I have been silent since my last blog post which was my initial response to SnackSafely’s attack on me. I took time to digest it all, and between rehearsal for a show I am in, and other matters that came up, I didn’t want to rush my thoughts. I do feel I need to clear the air on my side, because I can’t just let it be. It was too vicious, and yet again tells me so much about the food allergy world.
One of the things that is so troubling about the ordeal is that not only was I verbally attacked by SnackSafely but I also was mistreated by multiple bloggers who support SnackSafely. What is my crime to deserve such treatment? Is it because I don’t subscribe to the peanut being the one allergen to fear? That I don’t believe that schools should be nut free? Or that I believe that other food allergies are just as life threatening as peanuts? It’s true, I do have a different view on these subjects. Could it be that is what has them so very angry?
Truly, I wish no harm to SnackSafely, but I do have very valid concerns and I am only asking that they simply address them, nothing more. After all, the company is in a position to make a very positive difference to so many in the food allergy community. Instead, this company, chose to blocked me and anyone who disagrees with them. I find that disturbing. Shouldn’t a food allergy focused company want to hear how they can serve the food allergy community better? Why wouldn’t they?
The fact is, I was slandered by SnackSafely, over a 3 day period, in a very public forum–Twitter–for the whole world to see. When one person asked what proof SnackSafely had for the things they accused me of, they said they didn’t need proof. The head of the peanut board actually came on Twitter and stated that all that was said about me was not true. Still, SnackSafely refused to apologize or remove tweets. Let me add that I had been blocked by SnackSafely for months, ever since the Kellogg’s debacle. Then suddenly, the other day,, I was unblocked by them and a few of their friends, and just as suddenly, I was blocked again, now unable to see their tweets or to defend myself to them. It could not possibly have been a fluke since a blogger–close to SnackSafely–direct messaged me out of the blue just two days prior to this incident, to ask if I ever wrote for the peanut board. Coincidence? I think not.
I even tried to take the high road and sent SnackSafely an email, asking to work together for ALL people with food allergies, but first I needed an apology. Not an unreasonable request considering what had transpired on Twitter. I got a reply–would I be interested in a phone call? I wrote back that I would not consider a phone call until I receive an apology, and that the ball was in their court. I could not talk to someone who treated me so badly. Silence. And so, the tweets are still there, no acknowledgment of wrongdoing of any kind, and amazingly, some people think this behavior is acceptable. It is NOT.
Let me make it very clear what my issues are. There is no such thing as a “safe snack” list. I don’t like that the Safe Snack Guide by SnackSafely is ONLY a nut free list, which now just happens to have a few top 8 items on it. The fact is, it’s really still a nut free list and SnackSafely openly advocates for schools to go nut free but does nothing to raise awareness of other food allergies or the fact that every food allergy is equally dangerous. Anaphylaxis is anaphylaxism no matter which food allergy causes it. You can view my open letter to SnackSafely and see the direct quotes from their own web site. I am sorry to say, Snacksafely still has not addressed my concerns that I raised in my open letter.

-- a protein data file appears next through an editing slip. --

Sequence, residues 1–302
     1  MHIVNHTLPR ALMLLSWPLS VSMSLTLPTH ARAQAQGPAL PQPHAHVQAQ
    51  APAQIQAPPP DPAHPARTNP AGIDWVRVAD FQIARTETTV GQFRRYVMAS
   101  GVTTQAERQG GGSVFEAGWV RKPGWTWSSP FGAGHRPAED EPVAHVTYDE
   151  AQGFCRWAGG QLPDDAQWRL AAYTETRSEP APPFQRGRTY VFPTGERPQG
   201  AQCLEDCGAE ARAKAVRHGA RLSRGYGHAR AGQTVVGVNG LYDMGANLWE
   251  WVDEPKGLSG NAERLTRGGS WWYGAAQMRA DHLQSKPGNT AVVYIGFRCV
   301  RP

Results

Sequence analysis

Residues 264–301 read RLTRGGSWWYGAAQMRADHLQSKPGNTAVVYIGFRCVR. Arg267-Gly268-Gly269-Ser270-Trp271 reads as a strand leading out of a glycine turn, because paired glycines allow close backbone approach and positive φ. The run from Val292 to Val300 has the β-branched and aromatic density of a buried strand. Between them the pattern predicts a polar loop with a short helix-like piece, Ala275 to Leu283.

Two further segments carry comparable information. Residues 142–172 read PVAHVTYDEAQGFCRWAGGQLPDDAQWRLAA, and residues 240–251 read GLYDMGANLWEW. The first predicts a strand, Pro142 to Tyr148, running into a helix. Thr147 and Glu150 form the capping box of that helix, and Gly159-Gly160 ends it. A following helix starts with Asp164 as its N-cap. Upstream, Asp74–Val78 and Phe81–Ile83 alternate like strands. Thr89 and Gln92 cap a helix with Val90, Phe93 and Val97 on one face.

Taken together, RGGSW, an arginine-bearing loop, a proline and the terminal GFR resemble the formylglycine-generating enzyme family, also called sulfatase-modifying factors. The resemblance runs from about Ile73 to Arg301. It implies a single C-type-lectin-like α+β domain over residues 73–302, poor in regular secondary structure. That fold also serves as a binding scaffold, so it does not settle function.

I don’t want kids put in danger. The current setup with the Safe Snack Guide does put kids in danger, and my concern with the new school sample program is that it was again really nut focused. How will people without food allergy knowledge know that Skeeter Snacks are not safe for all with top 8 allergens when it’s just a nut free snack, and it actually contains 4 of the top 8 allergens? There has been more than one report of someone having anaphylaxis from Skeeter Snacks because they thought it was an allergy friendly snack for the top-8.
We must be very careful in the message we give, because not everyone is familiar with food allergies. The Safe Snack Guide has Pirate’s Booty listed as a safe snack, but that snack is not safe for a classroom with the dairy allergy. How would a staff member unfamiliar with food allergies know that? Ultimately, this is still a nut free list, and having the other allergens on it makes it confusing to others. That is my issue and I think that is a reasonable concern. So it seems because I am speaking out and looking out for the safety and awareness of all other allergens, I was slandered and attacked publicly. Is this really what the online food allergy world has become? My concerns are about the safety of my children and other children with food allergies. Isn’t that an issue of great importance to all parents of children with food allergies? Don’t we all just want our kids to be safe? Is it too much to ask, especially for a food allergy business and food allergy bloggers, that we at least listen to each other with respect? All allergies matter. Let’s show it in our actions, not just in words. No food or snack lists truly can be labeled “safe”…not with over 100 foods causing allergic reactions.


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